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Taffe v. State

Florida Court of Appeals, Fourth District

December 13, 2017

RICHARD TAFFE, Appellant,
v.
STATE OF FLORIDA, Appellee.

         Not final until disposition of timely filed motion for rehearing.

         Appeal from the Circuit Court for the Seventeenth Judicial Circuit, Broward County; Martin J. Bidwill, Judge; L.T. Case No. 12-3904CF10A.

          Carey Haughwout, Public Defender, and Emily Ross-Booker, Assistant Public Defender, West Palm Beach, for appellant.

          Pamela Jo Bondi, Attorney General, Tallahassee, and Rachael Kaiman, Assistant Attorney General, West Palm Beach, for appellee.

          Damoorgian, J.

         Appellant, Richard Taffe, appeals the trial court's order revoking his probation and sentencing him to fifteen years as a Habitual Felony Offender. Appellant argues that this Court should reverse because: 1) the evidence was insufficient to support the trial court's finding that Appellant violated his probation by committing the offense of witness tampering, and 2) one of the offenses for which the trial court found Appellant in violation, armed kidnapping, was not alleged in the charging affidavit. We affirm the revocation of Appellant's probation but remand for modification of the order to remove the armed kidnapping finding as discussed below.

         Background

         Appellant pleaded no contest to one count of felon in possession of a firearm and was sentenced to three years of probation. As a condition of his probation, Appellant was required to live without violating the law. While on probation, Appellant was arrested and charged with several offenses stemming from an armed robbery and kidnapping. Based on the foregoing, the State filed an Affidavit of Violation of Probation (VOP) which alleged that Appellant violated his probation by committing the new law offenses of: robbery with a firearm, aggravated assault with a firearm, armed false imprisonment, felony battery, burglary of a conveyance, grand theft, and witness tampering.

         At the VOP hearing, the State's evidence established that Appellant and two other men set up a bogus electronics transaction with a cellular phone store owner and, during the process, kidnapped and held the victim at gunpoint. While holding the victim hostage in a car, Appellant and one of his co-defendants discussed what they should do with the victim. Appellant stated that they should kill the victim to keep him from talking to the police. The co-defendant objected and told the victim that they would let him live, but threatened that they would kill the victim and his family if he ever spoke to the police. The co-defendant then took the victim's driver's license from his wallet before shoving the victim out of the car and onto the side of a road.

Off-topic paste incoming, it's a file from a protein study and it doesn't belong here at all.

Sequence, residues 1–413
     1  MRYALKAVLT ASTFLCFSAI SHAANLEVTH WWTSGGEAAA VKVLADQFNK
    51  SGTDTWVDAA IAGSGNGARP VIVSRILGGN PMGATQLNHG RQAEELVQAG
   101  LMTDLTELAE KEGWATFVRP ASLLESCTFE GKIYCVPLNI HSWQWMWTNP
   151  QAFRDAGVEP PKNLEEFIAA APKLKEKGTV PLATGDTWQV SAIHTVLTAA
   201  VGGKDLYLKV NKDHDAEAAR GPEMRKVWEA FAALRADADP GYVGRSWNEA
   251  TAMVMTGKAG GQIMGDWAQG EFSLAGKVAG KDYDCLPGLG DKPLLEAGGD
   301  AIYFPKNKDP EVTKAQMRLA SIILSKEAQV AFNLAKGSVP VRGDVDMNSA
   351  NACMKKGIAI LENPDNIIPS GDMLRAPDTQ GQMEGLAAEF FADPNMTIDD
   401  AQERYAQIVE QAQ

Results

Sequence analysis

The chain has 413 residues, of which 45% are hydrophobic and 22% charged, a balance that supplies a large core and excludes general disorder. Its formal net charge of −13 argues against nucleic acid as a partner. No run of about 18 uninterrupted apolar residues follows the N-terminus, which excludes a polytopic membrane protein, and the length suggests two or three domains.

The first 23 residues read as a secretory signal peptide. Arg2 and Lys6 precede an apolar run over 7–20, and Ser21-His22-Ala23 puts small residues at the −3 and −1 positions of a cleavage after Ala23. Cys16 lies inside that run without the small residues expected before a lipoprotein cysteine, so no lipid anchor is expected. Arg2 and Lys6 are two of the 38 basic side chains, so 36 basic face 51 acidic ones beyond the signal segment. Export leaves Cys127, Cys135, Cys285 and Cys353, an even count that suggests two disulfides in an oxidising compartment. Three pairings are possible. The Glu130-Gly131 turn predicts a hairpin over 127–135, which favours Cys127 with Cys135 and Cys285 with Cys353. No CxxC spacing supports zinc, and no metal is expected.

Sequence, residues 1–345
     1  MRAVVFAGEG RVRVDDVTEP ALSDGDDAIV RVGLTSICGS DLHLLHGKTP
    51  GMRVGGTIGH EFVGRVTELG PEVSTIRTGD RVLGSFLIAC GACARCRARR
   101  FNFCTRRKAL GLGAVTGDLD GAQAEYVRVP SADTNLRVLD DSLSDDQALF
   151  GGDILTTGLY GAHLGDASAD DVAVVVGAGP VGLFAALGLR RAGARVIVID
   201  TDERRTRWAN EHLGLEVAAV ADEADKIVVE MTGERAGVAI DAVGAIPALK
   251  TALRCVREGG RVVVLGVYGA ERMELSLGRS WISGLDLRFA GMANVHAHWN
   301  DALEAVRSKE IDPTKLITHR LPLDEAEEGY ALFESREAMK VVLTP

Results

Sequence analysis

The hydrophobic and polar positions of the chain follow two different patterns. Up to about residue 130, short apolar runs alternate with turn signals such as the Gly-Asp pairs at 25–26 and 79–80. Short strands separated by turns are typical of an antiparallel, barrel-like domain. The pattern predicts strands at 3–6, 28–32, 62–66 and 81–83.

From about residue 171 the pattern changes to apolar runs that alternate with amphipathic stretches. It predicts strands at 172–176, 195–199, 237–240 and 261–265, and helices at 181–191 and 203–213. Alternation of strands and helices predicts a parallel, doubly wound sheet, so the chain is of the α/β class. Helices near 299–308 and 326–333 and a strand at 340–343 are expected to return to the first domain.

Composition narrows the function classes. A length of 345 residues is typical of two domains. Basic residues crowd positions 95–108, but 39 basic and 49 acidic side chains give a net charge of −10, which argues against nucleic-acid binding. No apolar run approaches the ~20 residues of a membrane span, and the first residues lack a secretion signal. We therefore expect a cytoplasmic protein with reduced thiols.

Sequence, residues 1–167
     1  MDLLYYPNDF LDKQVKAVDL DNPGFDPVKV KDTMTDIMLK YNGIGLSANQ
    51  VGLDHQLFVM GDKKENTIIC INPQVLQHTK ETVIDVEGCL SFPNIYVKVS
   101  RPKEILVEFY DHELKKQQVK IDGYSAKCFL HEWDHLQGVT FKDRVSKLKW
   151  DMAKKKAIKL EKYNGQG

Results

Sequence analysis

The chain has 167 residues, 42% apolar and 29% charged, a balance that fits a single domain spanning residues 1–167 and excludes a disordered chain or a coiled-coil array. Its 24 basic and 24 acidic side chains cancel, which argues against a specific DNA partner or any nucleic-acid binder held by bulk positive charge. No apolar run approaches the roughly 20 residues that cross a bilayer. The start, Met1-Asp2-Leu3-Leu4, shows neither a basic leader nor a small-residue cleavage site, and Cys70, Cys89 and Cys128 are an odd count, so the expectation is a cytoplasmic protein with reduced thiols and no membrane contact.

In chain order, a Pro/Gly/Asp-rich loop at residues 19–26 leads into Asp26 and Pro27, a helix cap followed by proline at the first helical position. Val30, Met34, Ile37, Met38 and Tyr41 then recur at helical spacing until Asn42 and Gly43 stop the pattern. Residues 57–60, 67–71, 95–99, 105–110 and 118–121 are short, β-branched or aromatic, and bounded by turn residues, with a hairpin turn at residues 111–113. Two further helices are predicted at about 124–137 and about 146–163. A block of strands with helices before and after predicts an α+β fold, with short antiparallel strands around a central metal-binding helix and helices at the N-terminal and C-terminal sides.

Considering the foregoing evidence, the court revoked Appellant's probation, finding that he committed all of the new law violations alleged in the State's affidavit of VOP as well as the offense of armed kidnapping.

         Analysis

         a) The Witness Tampering Finding

         On appeal, Appellant argues that the court erred in finding that he violated his probation by committing the offense of witness tampering. Section 914.22 provides, in pertinent part, that a person commits the crime of witness tampering when that person:

(1) [K]nowingly uses intimidation or physical force, or threatens another person, or attempts to do so, or engages in misleading conduct toward another person, or offers pecuniary benefit or gain to another ...

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